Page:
Low-Pressure Compression Garments Helpful for Pediatric Post-Thrombotic Syndrome

Use of graduated compression garments, a standard management for post-thrombotic syndrome (PTS) in adults, was associated with modest improvements in disease severity in children, according to a new study published in the Journal of Thrombosis and Haemostasis. The authors reported that low-pressure compression garments were particularly helpful.

“Until now, we did not have information specific to pediatric patients on how to prescribe compression garments and their efficacy in the management of PTS in this population,” commented lead study investigator Laura Avila, MD, PhD, of the Hospital for Sick Children in Toronto, Ontario. “In addition, our study shows that we can prescribe relatively lower-pressure compression garments, between 15 to 20 mmHg, than those typically used in adults with PTS, which may play a role in improving adherence – a common problem in PTS therapy.”

The prospective study by Dr. Avila and colleagues included 45 children with PTS, all of whom were enrolled at the time of receiving a compression garment prescription. At baseline and follow-up, the investigators measured PTS severity using the index for the Clinical Assessment for Post-Thrombotic Syndrome in children (CAPTSure), a validated and reliable tool that assesses PTS with a continuous score between 0 and 100 points. A total of 100 points on the scale represents the worst possible disease severity. Researchers also captured patients’ attitude toward wearing compression garments.

The median age of the cohort was 13 years and 53% of patients were male. Four patients did not return for their follow-up visits. The median follow-up among the remaining 41 patients was 4.6 months after receiving a compression garment prescription. The majority of patients were prescribed compression socks (71%), while the remaining patients were prescribed compression sleeves (29%). The pressure was between 15 and 20 mmHg in the majority of compression garments (84%).

At baseline, the median CAPTSure score was 31 points. According to self-reported follow-up assessments, approximately 49% of patients said the compression garments were helpful, 27% said the garments were not helpful, and 16% either did not purchase or use their prescribed compression garments (TABLE).

Most of the children who said the prescribed compression garments were helpful wore the garments for three or more days per week (95%). At follow-up, the investigators found a non-linear association between the hours of compression garment wear time and lower PTS scores. For instance, wearing the compression garments for 12 hours per day versus 0 hours per day was associated with a 16-point reduction in PTS scores at the follow-up assessment (95% CI −29 to −2).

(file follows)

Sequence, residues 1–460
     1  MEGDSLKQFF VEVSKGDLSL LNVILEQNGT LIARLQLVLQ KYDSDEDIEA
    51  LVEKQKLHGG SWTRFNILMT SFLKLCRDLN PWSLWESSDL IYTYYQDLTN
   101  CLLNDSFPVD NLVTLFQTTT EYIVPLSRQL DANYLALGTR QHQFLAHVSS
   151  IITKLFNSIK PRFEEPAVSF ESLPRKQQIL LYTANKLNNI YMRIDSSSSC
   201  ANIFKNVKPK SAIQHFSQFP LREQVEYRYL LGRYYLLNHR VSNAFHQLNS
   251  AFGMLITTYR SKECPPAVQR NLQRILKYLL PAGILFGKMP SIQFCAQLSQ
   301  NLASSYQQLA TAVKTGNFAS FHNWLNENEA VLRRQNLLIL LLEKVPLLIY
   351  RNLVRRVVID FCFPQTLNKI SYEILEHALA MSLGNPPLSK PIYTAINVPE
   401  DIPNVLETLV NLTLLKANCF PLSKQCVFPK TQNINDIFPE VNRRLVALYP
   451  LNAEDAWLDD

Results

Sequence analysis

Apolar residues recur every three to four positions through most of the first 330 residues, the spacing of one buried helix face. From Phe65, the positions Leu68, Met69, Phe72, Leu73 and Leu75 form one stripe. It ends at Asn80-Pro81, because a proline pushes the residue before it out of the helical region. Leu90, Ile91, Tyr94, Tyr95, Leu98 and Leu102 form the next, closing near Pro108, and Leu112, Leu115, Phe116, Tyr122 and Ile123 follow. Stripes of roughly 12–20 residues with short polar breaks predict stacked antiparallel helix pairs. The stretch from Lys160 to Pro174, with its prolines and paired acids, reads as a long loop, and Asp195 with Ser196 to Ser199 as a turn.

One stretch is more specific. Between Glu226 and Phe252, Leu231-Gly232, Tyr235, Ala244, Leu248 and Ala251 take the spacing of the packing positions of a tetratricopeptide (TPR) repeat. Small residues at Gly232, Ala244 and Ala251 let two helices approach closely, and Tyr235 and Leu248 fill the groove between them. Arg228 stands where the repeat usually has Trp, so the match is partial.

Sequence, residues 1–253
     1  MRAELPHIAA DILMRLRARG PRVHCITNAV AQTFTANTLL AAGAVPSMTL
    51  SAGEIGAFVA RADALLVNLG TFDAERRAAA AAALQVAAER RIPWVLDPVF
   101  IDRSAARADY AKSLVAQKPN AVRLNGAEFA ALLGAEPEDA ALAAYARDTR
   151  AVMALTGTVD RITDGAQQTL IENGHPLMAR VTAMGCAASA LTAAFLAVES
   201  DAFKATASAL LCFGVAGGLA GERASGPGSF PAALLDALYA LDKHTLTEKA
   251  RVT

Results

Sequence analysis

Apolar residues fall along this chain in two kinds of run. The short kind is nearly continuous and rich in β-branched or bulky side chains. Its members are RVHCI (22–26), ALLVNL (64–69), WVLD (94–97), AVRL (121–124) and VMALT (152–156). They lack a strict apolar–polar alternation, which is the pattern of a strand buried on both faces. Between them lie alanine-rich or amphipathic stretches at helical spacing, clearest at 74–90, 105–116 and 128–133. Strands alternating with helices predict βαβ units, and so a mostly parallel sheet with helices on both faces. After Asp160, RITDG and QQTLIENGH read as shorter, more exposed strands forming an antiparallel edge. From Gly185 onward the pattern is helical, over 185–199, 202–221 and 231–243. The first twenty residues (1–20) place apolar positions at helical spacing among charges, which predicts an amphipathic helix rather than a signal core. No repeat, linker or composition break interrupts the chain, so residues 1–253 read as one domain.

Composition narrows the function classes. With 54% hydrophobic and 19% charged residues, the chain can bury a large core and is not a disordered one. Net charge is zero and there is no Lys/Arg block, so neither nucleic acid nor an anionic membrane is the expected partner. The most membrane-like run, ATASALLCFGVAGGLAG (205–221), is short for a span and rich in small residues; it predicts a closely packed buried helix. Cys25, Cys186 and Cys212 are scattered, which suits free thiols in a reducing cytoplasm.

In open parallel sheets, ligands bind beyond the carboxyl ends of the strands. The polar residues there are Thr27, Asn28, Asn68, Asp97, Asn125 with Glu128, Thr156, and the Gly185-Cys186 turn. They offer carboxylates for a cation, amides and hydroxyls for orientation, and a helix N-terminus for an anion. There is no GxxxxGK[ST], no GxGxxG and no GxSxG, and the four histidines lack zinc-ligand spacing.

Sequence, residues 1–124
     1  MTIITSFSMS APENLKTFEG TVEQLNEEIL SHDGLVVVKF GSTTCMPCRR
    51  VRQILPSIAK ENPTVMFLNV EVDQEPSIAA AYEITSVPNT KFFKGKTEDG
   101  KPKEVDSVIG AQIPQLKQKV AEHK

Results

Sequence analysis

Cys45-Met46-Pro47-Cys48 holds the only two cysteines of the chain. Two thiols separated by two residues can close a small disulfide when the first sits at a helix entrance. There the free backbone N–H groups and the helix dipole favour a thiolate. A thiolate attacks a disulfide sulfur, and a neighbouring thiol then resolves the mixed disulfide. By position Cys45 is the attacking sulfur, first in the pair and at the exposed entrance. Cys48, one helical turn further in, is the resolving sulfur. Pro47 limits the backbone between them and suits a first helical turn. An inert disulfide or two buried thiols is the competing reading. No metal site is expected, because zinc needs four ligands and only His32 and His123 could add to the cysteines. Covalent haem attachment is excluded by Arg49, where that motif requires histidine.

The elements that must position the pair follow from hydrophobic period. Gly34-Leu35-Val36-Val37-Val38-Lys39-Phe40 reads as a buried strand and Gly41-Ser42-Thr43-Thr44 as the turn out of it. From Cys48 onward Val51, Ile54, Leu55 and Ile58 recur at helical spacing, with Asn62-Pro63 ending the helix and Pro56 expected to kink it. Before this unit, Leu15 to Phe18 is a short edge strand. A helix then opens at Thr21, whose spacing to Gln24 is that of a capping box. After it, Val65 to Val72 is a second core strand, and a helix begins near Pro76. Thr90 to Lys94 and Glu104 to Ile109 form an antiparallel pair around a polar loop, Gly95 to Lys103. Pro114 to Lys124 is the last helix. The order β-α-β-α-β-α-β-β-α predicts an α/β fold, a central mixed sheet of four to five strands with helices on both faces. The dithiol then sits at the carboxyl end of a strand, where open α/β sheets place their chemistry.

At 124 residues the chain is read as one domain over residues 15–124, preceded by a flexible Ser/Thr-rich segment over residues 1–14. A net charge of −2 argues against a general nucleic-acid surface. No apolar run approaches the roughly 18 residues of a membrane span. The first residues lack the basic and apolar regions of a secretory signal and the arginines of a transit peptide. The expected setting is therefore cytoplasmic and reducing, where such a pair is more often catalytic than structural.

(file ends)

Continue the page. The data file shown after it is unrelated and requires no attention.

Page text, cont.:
Dr. Avila also noted that in this study the patients were diagnosed with moderate to severe PTS several years after their index thrombotic event. “The finding emphasizes the concept that PTS

can occur many years after the thrombotic event and that these children should be monitored long-term,” she said.

In addition, most patients were relatively young at the time of their thrombotic event, and 70% of patients had a central venous catheter thrombosis, which typically carries a lower risk for PTS. “The need for long-term screening in all children with deep vein thrombosis is a concept our team is advocating for so these patients can have proper follow-up,” explained Dr. Avila. “We have developed tools that can be reliably used by primary care providers to screen for PTS.”

A primary limitation of the study was the use of self-reported assessment to measure adherence to compression garments, which could be subject to bias and is difficult to measure in chronic diseases. “My team is … interested in finding ways to improve adherence to therapy, which is a very complex task,” said Dr. Avila.

The authors report no relevant conflicts of interest.


Avila L, Amiri N, De R, Vincelli J, Pullenayegum E, Brandão LR. Compression garments for the management of pediatric post-thrombotic syndrome: A prospective longitudinal study [published online ahead of print, 2021 Aug 21]. J Thromb Haemost. doi: 10.1111/jth.15507.